A puppy chewing on a sock.
- An example of chew is using your teeth to turn large pieces of lettuce into smaller, easier to swallow pieces.
- To tell someone off is an example of how to chew someone out.
- to bite and grind or crush with the teeth; masticate
- Informal to damage or destroy as by chewing; mangle, hack, etc.: often with up
Origin of chewMiddle English chewen from Old English ceowan, to bite, chew from Indo-European base an unverified form gjeu-, to chew from source Persian ?avidan, German kauen
- to chew something
- Informal to chew tobacco
- the act of chewing
- something chewed or for chewing; specif., a portion of tobacco for chewing
- to think over; consider
- to discuss at length
chew the fat
chew the scenery
verbchewed, chew·ing, chews
- To bite and grind with the teeth; masticate.
- To meditate on; ponder: chew a problem over.
- To make a crushing and grinding motion with the teeth.
- To cogitate; meditate: chewed on the difficulties ahead.
- Informal To chew tobacco as a habit.
- The act of chewing.
- Something held in the mouth and chewed, especially a plug of tobacco.
Origin of chewMiddle English cheuen from Old English cēowan
(third-person singular simple present chews, present participle chewing, simple past and past participle chewed)
- To crush with the teeth by repeated closing and opening of the jaws; done to food to soften it and break it down by the action of saliva before it is swallowed.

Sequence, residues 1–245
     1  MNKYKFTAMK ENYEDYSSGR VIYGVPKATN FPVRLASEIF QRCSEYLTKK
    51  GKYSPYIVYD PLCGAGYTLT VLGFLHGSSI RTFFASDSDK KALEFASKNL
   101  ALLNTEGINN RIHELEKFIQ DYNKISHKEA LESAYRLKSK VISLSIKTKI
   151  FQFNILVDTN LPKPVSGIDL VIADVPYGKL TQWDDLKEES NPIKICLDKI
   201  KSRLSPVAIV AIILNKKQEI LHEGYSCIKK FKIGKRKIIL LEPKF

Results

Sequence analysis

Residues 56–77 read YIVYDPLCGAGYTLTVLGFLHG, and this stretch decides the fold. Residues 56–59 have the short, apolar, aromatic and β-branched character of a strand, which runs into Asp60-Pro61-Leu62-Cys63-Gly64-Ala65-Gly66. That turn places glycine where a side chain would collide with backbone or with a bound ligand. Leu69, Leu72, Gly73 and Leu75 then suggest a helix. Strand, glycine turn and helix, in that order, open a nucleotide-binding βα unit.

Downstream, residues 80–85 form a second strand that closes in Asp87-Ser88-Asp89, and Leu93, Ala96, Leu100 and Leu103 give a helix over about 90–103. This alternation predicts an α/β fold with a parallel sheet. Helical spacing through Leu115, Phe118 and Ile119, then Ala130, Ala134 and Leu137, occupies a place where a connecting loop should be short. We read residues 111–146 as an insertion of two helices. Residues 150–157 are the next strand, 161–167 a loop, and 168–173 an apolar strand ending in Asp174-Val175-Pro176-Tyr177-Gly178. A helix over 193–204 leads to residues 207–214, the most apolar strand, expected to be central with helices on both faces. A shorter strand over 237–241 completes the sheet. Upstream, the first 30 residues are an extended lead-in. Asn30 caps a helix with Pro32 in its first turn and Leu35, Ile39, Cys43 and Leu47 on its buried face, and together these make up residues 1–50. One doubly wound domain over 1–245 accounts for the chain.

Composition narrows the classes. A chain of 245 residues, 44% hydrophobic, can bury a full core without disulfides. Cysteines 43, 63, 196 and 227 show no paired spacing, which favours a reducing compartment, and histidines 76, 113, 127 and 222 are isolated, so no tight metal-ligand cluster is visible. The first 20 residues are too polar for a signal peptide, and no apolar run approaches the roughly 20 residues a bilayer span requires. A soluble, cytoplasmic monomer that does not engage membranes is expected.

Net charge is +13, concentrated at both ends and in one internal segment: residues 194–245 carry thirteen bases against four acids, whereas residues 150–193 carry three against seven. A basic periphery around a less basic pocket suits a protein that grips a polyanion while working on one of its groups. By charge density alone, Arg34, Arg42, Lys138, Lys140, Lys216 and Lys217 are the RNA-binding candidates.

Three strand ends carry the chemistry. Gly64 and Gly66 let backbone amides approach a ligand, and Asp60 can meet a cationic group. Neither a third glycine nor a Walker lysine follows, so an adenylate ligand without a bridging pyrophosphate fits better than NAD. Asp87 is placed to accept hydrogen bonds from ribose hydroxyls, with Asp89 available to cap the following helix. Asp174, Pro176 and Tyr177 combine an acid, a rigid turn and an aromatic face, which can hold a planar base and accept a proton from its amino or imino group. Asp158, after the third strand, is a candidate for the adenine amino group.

- Make sure to chew thoroughly, and don't talk with your mouth full!
- The steak was tough to chew as it had been cooked too long.
- To grind, tear, or otherwise degrade or demolish something with teeth or as with teeth.
- He keep his feed in steel drums to prevent the mice from chewing holes in the feed-sacks.
- The harsh desert wind and sand had chewed the stump into ragged strips of wood.
- (informal) To think about something; to ponder; to chew over.
- The professor stood at the blackboard, chalk in hand, and chewed the question the student had asked.
- A small sweet, such as a taffy, that is eaten by chewing.
- Phillip purchased a bag of licorice chews at the drugstore.
- (informal, uncountable) Chewing tobacco.
- The school had banned chew and smokes from the school grounds, even for adults.
- (countable or uncountable) A plug or wad of chewing tobacco; chaw or a chaw.
- The ballplayers sat on the bench watching the rain, glumly working their chews.
- The first time he chewed tobacco, he swallowed his chew and got extremely sick.